The next scene, at Adolar's castle, finds Euryanthe with Eglantine — who is also in love with Adolar, and secretly hates Euryanthe. Eglantine has seen Euryanthe behaving strangely at night, and thinks she's hiding something. Pretending loyalty to Euryanthe, Eglantine persuades her to reveal a secret.

Euryanthe says the ghost of Adolar's dead sister, Emma, has appeared to her and admitted that, after her lover was killed in battle, she committed suicide with poison contained in her ring . The ghost cannot rest until the ring has been washed by the tears of an innocent young woman. Every night, Euryanthe has been praying in her tomb that Emma's spirit can, finally, rest in peace.

Euryanthe feels guilty about revealing all this, but Eglantine reassures her, declaring her loyalty, and says the secret is safe. But when Euryanthe leaves, Eglantine is furious, and makes plans to denounce Euryanthe to Adolar.

Before long, Lysiart arrives. He's greeted by the people of the countryside and by Euryanthe. Watching Lysiart, Eglantine can see that he's in love with Euryanthe, and decides to ask Lysiart for help with her plot.

ACT TWO: Late at night, Lysiart is alone in Adolar's castle, wavering between guilt and desire. Finally, he decides to pursue his dishonest agreement with Adolar. Lysiart has wagered all his lands against Adolar's, betting he can prove that Euryanthe is unfaithful.

Meanwhile, Eglantine has entered Emma's tomb, and emerges after removing the poison ring from Emma's corpse. She's met by Lysiart, who proposes an alliance and marriage. They seal their pact in a duet.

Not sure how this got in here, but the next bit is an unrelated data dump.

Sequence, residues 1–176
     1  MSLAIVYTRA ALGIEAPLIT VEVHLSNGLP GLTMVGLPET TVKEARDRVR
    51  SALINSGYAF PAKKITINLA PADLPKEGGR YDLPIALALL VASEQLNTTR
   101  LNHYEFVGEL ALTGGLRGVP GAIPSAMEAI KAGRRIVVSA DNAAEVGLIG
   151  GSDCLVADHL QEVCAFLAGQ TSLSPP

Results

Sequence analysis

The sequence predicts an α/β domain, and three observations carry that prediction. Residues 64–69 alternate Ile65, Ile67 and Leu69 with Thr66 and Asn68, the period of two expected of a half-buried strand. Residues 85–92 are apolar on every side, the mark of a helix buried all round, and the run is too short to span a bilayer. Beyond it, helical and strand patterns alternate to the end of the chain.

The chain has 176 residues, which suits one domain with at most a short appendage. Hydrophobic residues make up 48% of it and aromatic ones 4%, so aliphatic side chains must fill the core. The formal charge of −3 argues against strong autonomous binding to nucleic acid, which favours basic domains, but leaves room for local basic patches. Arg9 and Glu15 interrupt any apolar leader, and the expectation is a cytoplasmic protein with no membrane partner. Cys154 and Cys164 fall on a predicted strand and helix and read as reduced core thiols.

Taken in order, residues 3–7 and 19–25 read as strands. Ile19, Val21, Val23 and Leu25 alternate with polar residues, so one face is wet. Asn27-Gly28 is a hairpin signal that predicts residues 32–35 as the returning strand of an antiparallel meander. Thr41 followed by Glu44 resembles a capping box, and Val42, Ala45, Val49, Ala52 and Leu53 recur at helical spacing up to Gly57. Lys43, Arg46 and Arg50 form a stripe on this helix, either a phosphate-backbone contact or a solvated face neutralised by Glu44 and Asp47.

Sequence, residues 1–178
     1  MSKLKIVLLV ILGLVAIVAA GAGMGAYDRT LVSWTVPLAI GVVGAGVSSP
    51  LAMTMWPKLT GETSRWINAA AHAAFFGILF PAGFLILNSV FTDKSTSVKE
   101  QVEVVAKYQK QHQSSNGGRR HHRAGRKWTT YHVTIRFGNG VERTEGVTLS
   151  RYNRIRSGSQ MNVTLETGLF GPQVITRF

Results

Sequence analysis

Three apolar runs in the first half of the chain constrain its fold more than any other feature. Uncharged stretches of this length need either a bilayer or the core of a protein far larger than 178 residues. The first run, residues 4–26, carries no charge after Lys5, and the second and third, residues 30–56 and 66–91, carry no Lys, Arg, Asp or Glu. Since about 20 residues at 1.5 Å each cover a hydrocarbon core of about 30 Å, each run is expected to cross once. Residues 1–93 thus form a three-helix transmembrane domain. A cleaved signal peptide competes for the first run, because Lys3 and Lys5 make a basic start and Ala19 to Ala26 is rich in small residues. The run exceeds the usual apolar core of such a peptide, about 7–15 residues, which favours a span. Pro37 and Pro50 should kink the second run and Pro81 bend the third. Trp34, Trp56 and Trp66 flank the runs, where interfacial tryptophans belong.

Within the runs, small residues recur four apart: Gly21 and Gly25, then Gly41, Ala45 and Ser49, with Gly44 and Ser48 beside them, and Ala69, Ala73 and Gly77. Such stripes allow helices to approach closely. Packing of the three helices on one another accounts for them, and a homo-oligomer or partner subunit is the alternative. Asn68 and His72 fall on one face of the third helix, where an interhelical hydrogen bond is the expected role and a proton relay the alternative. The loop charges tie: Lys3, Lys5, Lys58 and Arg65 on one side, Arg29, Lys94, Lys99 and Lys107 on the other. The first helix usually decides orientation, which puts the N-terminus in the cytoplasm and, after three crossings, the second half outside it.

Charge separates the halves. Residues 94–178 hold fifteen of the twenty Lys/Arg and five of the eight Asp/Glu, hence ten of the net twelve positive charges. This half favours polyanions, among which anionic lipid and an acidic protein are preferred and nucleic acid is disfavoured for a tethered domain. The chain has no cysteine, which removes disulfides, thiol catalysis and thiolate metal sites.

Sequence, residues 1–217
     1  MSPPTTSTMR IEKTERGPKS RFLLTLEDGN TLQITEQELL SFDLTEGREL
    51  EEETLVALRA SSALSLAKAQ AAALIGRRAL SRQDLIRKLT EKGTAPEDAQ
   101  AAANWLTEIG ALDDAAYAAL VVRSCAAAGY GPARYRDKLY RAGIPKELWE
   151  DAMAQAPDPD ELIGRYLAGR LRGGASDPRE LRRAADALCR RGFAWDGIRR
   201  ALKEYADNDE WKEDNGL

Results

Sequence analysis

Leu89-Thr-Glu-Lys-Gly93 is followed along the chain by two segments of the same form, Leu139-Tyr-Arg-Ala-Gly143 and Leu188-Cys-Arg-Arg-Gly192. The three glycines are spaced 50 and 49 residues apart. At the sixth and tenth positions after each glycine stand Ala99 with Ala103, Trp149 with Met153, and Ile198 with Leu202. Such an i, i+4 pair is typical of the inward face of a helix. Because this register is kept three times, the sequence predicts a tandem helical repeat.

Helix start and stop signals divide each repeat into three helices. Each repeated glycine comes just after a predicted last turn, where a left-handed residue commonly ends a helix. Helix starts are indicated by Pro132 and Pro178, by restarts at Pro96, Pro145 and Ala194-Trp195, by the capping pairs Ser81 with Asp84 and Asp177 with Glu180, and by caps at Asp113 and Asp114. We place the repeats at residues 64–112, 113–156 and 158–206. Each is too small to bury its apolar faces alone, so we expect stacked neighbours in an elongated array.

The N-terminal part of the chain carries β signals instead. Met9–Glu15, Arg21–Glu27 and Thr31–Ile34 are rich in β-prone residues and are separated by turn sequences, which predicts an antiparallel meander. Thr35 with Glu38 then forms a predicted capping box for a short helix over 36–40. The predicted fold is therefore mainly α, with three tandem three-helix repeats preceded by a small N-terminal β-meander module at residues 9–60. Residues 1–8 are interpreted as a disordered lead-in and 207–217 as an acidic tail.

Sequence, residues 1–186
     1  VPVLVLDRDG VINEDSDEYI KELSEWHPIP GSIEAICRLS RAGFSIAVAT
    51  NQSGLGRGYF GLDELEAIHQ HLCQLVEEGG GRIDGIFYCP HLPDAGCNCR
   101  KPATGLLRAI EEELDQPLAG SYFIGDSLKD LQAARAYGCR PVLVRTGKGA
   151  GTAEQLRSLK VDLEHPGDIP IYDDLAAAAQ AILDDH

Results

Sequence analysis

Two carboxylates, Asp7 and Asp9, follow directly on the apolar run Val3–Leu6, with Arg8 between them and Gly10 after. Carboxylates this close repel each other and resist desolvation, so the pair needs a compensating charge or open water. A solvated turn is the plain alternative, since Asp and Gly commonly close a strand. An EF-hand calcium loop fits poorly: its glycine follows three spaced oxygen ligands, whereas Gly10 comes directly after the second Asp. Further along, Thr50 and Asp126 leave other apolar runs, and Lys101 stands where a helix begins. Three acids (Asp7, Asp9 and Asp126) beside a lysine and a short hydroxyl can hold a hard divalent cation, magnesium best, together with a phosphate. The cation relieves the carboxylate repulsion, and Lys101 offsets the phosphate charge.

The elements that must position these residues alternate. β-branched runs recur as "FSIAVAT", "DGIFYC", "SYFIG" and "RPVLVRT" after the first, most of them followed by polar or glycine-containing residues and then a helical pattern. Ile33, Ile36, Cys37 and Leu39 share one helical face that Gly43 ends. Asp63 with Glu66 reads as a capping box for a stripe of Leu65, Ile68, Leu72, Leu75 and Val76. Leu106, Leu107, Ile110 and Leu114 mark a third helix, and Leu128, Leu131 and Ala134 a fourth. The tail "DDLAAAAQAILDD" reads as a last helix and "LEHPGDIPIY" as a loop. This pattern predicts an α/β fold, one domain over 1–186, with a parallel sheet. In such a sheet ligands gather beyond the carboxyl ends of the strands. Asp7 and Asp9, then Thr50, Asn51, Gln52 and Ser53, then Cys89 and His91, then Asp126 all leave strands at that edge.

The next scene is at King Louis' hall, where Adolar sings an aria, longing for Euryanthe. Euryanthe hurries in, and the two profess their love. When the two are welcomed at the King's court, Lysiart comes forward to claim victory in his wager with Adolar.

Lysiart has Emma's ring, given to him by Eglantine. When he says that he knows the secret of the tomb, and produces the ring as proof, it seems he must have gotten the ring, and the secret, from Euryanthe. This convinces everyone that Euryanthe has betrayed Adolar, and Lysiart wins the bet. Adolar forfeits his lands, and leads Euryanthe off to wander in the wilderness.

ACT THREE: Adolar and Euryanthe are in a mountain gorge. Adolar still believes that Euryanthe has betrayed him, and plans to kill her.

As Euryanthe claims her innocence, a poisonous snake appears. Euryanthe steps between the snake and Adolar to protect him. Adolar quickly dispatches the snake, but he's moved by Euryanthe's willingness to sacrifice herself for him. So, instead of killing Euryanthe, he says he'll simply abandon her.

Alone in the next scene, Euryanthe says that she welcomes death, and hopes that Adolar will eventually know that she never was unfaithful to him. She then hears horns coming through the woods. The king approaches with his hunting party, surprised to find Euryanthe alone in the mountains. In a duet with chorus, Euryanthe tells the king everything that has happened, and convinces him that she's innocent.

Back at Adolar's castle, the local people sing a May song as Adolar approaches in the distance. When the people recognize him, they reveal the scheming of Lysiart and Eglantine, and tell him that Euryanthe has been vindicated. They pledge their support and urge Adolar to punish the traitors.

Lysiart and Eglantine approach in apparent triumph, to the sounds of a wedding march — but the people curse Lysiart. When he and Adolar confront each other, the king arrives in time to prevent violence.

In the final scene, the king tells Adolar that Euryanthe's heart is broken. When Eglantine mocks Lysiart for failing in his part of their bargain, Lysiart stabs her to death, and is led away. To the sound of hunting horns, the rest of the king's party arrives, escorting Euryanthe. Her tears have washed the poison from Emma's ring. Now Emma's spirit can finally rest, Eurythanthe and Adolar can be together, and the opera ends with a joyful chorus.